Aggression and Social Learning Theory

Aggression, in its broadest sense, is behavior, or a disposition, that is forceful, hostile or attacking. It may occur either in retaliation or without provocation. In narrower definitions that are used in social sciences and behavioral sciences, aggression is an intention to cause harm or an act intended to increase relative social dominance. Predatory or defensive behavior between members of different species may not be considered aggression in the same sense. Aggression can take a variety of forms and can be physical or be communicated verbally or non-verbally.
Aggression differs from what is commonly called assertiveness, although the terms are often used interchangeably among laypeople, e. g. an aggressive salesperson According to Kendra Cherry, In psychology, the term ‘aggression’ refers to a range of behaviors that can result in both physical and psychological harm to oneself, other or objects in the environment. The expression of aggression can occur in a number of ways, including verbally, mentally and physically. (source: aboutpsychology. om) Two broad categories of aggression are commonly distinguished.
One includes affective (emotional) and hostile or retaliatory aggression, and the other includes instrumental, goal-oriented or predatory aggression. [2] Data on violence from a range of disciplines lend some support to a distinction between affective and predatory aggression. [3] However, some researchers question the usefulness of a hostile vs instrumental distinction in humans, despite its ubiquity in research, because most real-life cases involve mixed motives and interacting causes. 4] A number of classifications and dimensions of aggression have been suggested.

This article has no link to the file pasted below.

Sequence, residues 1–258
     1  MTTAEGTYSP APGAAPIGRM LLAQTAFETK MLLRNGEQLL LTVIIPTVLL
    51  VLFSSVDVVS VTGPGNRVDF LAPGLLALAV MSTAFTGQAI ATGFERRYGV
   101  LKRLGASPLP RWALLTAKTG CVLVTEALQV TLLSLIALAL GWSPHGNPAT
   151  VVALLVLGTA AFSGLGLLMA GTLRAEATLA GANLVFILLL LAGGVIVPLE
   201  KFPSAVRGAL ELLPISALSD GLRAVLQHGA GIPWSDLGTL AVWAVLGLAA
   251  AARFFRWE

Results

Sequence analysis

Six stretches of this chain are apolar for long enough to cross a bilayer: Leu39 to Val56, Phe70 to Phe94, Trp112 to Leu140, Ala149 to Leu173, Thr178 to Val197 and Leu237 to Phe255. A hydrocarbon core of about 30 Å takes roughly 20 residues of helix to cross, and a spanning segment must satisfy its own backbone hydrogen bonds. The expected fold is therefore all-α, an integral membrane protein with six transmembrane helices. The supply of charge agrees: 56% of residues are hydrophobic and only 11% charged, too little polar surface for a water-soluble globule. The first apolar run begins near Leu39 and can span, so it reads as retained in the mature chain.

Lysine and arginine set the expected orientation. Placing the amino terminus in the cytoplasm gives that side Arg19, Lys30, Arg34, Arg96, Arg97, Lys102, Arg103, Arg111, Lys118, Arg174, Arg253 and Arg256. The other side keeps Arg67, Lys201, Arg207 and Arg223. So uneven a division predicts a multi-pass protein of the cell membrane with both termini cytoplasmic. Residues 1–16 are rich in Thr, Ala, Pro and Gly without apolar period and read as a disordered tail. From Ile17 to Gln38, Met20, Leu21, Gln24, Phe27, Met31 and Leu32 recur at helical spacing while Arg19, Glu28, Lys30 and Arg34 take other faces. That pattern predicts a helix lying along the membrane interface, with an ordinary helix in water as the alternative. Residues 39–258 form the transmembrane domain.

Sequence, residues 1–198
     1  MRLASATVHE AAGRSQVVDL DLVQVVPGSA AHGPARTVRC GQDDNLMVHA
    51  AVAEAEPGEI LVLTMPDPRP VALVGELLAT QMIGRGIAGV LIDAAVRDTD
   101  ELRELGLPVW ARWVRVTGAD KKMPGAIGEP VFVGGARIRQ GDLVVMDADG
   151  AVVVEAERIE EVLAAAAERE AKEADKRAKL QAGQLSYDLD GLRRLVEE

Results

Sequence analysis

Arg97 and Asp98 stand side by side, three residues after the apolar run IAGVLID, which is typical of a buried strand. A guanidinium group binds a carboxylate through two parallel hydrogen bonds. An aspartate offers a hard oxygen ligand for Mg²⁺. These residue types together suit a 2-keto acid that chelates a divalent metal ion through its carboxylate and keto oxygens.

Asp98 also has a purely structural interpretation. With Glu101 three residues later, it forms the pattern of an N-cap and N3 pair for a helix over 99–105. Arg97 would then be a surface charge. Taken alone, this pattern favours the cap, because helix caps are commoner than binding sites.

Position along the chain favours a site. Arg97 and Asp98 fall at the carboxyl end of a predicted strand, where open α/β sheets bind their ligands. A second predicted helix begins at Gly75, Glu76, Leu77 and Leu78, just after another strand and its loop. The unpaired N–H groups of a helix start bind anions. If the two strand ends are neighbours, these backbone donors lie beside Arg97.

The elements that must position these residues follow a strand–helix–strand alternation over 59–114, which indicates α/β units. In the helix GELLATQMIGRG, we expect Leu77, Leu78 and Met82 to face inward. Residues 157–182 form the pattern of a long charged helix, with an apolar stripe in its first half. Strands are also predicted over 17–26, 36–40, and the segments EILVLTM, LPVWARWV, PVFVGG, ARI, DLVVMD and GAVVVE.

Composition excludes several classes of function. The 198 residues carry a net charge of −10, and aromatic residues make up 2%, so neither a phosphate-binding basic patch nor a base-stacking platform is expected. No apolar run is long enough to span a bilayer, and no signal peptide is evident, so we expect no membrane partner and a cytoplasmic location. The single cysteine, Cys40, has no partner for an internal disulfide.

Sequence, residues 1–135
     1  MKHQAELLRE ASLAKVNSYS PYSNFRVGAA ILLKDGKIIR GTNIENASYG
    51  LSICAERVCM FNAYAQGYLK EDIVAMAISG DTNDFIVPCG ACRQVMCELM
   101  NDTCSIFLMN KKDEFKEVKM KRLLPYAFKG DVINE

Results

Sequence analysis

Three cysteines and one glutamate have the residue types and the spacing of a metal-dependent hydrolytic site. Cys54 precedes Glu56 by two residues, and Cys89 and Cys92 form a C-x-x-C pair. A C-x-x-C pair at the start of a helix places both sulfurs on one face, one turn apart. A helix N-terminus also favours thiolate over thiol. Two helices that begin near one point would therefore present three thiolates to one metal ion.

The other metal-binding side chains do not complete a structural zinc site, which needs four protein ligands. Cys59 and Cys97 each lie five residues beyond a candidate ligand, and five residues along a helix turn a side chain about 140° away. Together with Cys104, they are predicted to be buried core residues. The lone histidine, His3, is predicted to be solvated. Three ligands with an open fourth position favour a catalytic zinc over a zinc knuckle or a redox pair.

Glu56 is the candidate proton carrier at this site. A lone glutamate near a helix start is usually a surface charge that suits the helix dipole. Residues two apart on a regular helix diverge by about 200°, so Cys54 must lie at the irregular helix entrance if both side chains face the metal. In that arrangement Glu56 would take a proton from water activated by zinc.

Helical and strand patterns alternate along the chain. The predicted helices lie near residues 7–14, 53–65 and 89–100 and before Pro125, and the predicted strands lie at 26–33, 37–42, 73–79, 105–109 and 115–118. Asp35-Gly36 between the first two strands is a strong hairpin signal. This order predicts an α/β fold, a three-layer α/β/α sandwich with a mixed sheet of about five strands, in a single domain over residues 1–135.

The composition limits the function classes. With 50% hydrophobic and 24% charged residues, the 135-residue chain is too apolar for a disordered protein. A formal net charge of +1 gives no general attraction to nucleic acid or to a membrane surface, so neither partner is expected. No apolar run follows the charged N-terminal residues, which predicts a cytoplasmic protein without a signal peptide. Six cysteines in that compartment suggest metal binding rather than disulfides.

These depend on such things as whether the aggression is verbal or physical; whether or not it involves relational aggression such as covert bullying and social manipulation;[5] whether harm to others is intended or not; whether it is carried out actively or expressed passively; and whether the aggression is aimed directly or indirectly. Classification may also encompass aggression-related emotions (e. g. anger) and mental states (e. g. impulsivity, hostility). 6] Aggression may occur in response to non-social as well as social factors, and can have a close relationship with stress coping style. 7]
Aggression may be displayed in order to intimidate. The operative definition of aggression may be affected by moral or political views. Examples are the axiomatic moral view called the non-aggression principle and the political rules governing the behavior of one country toward another. [8] Likewise in competitive sports, or in the workplace, some forms of aggression may be sanctioned and others not. [9] THEORIES OF AGGRESSION: Instinct Theory: Through evolution, humans have inherited a fighting instinct similar to that found in many species of animals.
Leading Proponent: Konrad Lorenz (ethology) He says we have a biological need for aggression. It gets stronger as time passes since the last aggressive act (like hunger increases hours after a meal). This causes our energy level (drive level) to increase. This energy must somehow be released (“catharsis”). Instinct Theory says that humans learn their own individual ways of expressing aggressive motivation. Nonhuman species behave in ways that are genetically programmed and characteristic of all members of the species.